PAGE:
Edward J. Thomas - World War II

Dear Mom & Harry, Friday, May 28, 1943 This is the first day of our bivouac. It's 5:15 pm. I'm waiting near my put tent for the show signal. We started yesterday at 5 pm (Thursday) and walked south on a paved highway toward Anniston. We turned off on a side gravel road and hiked cross country on an unused wagon road though woods.

It was very pleasant walking the first hour. The next hour was beginning to wear me out. The scenery helped. We passed several farms, several looking like average Michigan farms. But Alabama has more pitiful looking farm buildings with houses looking like sheds ready to fall down. It looks like the people living are at fault because I hardly ever see anyone in the field working and I seldom see any cows or chickens, and if I do it's one or two. The third hour I didn't care to see scenery. I was getting too tired. We have a ten minute rest each hour, but that didn't provide much relief. The fourth through sixth hours were very painful. I didn't have any blisters but my feet ached like a bad toothache. We pitched our tents in the dark after 11 pm. My flashlight came in handy.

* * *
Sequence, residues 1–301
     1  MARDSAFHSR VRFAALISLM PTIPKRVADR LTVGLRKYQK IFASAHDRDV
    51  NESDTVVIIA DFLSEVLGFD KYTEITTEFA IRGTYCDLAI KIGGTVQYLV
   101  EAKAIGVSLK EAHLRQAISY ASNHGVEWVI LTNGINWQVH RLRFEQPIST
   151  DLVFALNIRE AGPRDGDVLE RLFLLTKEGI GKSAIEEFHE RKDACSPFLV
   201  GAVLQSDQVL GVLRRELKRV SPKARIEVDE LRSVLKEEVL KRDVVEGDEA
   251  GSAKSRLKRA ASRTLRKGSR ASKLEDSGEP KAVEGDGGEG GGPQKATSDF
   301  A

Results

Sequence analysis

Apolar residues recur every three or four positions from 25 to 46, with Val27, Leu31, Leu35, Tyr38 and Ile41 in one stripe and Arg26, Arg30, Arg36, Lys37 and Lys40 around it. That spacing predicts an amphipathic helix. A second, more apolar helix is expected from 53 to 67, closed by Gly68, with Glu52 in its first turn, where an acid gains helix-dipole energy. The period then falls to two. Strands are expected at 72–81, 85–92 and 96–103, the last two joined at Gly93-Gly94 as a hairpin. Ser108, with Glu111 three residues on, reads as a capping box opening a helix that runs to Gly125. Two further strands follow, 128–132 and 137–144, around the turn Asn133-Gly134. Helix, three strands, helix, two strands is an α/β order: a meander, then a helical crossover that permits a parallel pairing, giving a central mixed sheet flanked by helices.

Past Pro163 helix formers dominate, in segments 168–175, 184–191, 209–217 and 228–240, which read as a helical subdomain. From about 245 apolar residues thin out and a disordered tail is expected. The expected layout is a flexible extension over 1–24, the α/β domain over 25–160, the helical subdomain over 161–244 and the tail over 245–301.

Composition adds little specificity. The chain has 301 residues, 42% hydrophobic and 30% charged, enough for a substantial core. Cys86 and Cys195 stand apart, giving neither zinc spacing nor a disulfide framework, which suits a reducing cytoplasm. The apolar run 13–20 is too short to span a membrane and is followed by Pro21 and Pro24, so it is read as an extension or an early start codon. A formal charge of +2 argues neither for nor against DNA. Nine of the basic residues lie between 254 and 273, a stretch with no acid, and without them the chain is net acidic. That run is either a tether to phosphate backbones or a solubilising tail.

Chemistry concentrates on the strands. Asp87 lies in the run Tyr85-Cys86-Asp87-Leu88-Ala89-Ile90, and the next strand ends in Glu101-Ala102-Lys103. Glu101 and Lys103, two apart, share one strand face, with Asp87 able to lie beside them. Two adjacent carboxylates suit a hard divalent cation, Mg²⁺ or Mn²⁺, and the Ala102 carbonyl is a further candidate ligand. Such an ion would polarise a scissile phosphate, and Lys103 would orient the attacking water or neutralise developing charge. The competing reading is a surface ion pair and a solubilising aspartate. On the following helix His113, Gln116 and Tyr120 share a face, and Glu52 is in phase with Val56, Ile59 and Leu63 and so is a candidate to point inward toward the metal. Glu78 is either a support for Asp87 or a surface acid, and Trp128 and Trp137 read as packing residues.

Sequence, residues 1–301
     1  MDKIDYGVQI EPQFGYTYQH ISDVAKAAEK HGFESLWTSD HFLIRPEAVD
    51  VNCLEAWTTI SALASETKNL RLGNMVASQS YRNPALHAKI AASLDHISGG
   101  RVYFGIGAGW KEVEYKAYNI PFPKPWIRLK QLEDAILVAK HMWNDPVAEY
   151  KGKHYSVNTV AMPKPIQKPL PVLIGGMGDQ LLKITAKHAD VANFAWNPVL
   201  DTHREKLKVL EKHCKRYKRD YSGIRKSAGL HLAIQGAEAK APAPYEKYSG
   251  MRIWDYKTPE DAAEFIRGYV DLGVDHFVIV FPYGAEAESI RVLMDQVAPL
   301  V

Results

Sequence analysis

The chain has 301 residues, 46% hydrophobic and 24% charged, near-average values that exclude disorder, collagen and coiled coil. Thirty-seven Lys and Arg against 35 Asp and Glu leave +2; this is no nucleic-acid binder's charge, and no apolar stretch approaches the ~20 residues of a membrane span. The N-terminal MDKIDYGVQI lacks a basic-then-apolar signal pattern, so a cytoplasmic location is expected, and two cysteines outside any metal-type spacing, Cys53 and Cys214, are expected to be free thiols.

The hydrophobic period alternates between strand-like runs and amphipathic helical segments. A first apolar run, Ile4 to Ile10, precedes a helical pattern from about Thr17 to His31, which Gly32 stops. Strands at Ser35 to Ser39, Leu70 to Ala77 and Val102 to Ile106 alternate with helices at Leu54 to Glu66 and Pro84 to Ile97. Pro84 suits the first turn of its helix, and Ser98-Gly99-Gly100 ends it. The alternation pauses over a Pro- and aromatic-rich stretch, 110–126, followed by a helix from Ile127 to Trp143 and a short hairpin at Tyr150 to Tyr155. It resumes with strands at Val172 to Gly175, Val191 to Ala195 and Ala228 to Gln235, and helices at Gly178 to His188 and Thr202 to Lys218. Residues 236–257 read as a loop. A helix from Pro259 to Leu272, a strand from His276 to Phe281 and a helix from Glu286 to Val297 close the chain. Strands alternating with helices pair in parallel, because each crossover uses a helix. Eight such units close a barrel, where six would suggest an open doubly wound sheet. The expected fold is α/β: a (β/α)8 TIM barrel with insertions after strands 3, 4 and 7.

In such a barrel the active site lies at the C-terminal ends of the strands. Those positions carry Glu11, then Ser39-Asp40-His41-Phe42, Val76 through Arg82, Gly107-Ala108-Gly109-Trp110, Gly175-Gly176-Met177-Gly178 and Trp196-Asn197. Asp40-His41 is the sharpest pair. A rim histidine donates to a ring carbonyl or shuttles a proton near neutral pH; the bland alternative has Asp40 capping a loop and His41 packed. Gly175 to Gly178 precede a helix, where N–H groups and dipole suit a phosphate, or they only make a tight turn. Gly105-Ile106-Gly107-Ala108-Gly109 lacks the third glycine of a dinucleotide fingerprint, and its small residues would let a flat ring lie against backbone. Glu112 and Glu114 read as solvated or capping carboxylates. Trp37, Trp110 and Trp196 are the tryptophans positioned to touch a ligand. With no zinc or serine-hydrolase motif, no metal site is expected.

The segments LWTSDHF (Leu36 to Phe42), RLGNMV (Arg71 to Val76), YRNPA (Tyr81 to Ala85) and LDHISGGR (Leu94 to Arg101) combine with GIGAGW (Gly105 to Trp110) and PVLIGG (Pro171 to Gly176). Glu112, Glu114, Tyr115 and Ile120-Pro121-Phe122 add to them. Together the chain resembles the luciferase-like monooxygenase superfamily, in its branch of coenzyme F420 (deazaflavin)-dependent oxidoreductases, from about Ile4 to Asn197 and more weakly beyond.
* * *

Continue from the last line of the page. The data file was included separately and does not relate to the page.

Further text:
The next day was our rest day, so I had time to write this. In the morning I went to a big stream and bathed. The water was very cold but I felt better. I wrote Issy and Mac an airmail letter about some of the things I wanted during my bivouac. I am finishing this letter in the dark of May 29 (Saturday) and can't see anymore.

I received your letter Harry. You better cancel the trip. I'll write you if I get a furlough and you can pick me up, otherwise thee is no time for you to see me here. Love, Ed P.S. Mom could you send me a dozen of those Christmas candles. I hate to pester you about such things, but they'll save on batteries.

Sunday Jun 2, 1943 - Batteries Scarce

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